Motion Picture Director. Born Karoly Vidor in Budapest. He served as an infantry lieutenant in the Hungarian Army during World War I and drifted into odd jobs at the UFA studio in Berlin. Arriving in Hollywood in 1924, he worked as an assistant director, editor, and screenwriter before making his directing debut in 1931. Vidor became a solid craftsman who made the most of shoddy scripts and rose to the occasion with quality material, especially when his obvious love of music was engaged. With "Cover Girl" (1944) he was the first to allow Gene Kelly to choreograph his own imaginative dance numbers; he lead Cornel Wilde to stardom (and an Oscar nomination) in the Chopin biopic "A Song to Remember" (1945); and extracted a steamy, career-defining performance from Rita Hayworth in "Gilda" (1946), with its unforgettable "Put the Blame on Mame" faux-striptease. The latter is considered his finest film. Vidor's other credits include "The Loves of Carmen" (1948), "Hans Christian Andersen" (1952), "Love Me or Leave Me" (1955), "The Swan" (1956), "The Joker Is Wild" (1957), and "A Farewell to Arms" (1957). He died of a heart attack in Vienna during production of "Song Without End" (1960); the film was completed by George Cukor. Vidor was married to actresses Karen Morley (1932 to 1943) and Evelyn Keyes (1943 to 1945). His fourth wife was Doris Warner, daughter of studio mogul Harry Warner, and he is interred in the Warner Bros. Family Mausoleum.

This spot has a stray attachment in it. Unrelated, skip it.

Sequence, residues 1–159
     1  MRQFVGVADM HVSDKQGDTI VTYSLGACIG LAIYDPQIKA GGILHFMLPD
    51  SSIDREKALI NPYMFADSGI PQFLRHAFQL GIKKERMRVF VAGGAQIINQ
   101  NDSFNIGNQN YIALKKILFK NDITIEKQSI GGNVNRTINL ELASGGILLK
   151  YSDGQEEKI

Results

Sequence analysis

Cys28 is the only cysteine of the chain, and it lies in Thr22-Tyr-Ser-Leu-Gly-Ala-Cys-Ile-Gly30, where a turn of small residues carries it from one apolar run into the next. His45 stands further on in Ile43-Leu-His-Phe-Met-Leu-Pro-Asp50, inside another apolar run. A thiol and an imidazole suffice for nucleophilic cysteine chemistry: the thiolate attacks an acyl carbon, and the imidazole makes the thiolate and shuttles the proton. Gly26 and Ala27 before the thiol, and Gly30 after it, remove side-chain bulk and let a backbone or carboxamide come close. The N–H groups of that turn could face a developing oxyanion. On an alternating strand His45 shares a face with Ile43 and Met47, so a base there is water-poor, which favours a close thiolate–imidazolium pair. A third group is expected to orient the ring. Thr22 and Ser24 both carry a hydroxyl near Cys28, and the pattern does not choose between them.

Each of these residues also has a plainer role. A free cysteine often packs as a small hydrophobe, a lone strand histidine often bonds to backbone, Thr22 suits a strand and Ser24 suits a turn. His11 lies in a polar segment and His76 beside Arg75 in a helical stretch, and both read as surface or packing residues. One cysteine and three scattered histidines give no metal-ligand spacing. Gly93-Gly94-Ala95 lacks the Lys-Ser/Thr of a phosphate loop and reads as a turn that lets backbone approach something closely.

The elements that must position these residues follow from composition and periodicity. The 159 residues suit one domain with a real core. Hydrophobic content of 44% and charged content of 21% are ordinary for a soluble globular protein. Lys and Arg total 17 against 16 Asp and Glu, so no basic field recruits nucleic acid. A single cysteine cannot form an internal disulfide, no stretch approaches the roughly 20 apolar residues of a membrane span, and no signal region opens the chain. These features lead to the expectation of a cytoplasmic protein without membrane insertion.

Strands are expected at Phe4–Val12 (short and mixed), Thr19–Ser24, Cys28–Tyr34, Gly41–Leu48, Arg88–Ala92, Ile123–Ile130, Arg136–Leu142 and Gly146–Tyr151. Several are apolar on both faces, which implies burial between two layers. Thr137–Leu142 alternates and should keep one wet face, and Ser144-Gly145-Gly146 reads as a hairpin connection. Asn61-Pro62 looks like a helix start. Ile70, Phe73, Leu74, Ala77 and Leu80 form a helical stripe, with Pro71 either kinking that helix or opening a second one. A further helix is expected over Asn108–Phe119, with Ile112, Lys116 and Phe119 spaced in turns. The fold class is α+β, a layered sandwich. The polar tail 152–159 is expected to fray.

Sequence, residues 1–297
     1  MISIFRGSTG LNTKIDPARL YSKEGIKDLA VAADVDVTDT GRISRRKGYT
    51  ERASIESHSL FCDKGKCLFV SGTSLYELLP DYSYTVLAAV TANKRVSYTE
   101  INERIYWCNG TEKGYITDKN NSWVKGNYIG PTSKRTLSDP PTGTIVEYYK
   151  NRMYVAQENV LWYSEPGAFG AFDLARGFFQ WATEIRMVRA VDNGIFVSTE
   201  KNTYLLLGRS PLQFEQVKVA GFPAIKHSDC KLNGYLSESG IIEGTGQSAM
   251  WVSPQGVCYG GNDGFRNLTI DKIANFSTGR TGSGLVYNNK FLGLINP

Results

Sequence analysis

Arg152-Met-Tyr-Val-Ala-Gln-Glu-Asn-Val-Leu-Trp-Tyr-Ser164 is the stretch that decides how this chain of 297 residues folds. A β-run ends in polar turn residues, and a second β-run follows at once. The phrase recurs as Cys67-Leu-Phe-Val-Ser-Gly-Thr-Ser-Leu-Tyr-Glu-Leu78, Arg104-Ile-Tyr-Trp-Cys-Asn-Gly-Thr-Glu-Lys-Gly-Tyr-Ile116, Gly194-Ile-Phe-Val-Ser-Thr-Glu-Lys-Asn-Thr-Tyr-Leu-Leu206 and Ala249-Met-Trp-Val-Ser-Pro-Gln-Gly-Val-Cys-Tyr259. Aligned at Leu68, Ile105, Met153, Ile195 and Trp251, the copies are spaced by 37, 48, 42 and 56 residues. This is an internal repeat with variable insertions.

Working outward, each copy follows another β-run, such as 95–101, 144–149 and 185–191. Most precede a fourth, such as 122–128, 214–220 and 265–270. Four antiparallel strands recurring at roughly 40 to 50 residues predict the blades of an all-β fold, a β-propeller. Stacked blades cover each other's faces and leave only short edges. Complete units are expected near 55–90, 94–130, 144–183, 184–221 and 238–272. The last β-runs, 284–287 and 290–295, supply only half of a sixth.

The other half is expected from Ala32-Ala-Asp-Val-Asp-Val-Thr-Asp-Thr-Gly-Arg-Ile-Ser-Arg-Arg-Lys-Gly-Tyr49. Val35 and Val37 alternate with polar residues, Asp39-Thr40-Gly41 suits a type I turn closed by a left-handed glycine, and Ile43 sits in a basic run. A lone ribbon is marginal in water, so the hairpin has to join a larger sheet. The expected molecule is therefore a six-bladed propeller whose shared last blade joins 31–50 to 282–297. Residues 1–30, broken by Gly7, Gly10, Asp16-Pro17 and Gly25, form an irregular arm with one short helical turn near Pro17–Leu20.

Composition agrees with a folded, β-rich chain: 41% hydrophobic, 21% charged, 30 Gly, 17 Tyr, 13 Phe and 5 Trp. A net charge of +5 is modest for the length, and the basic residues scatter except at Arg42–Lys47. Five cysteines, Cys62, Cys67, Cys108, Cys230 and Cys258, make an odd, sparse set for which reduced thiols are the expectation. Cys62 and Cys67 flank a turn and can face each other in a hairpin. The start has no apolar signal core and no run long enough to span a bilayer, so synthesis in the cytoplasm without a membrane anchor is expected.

Bio by: Bobb Edwards
Beloved husband of Doris Warner Vidor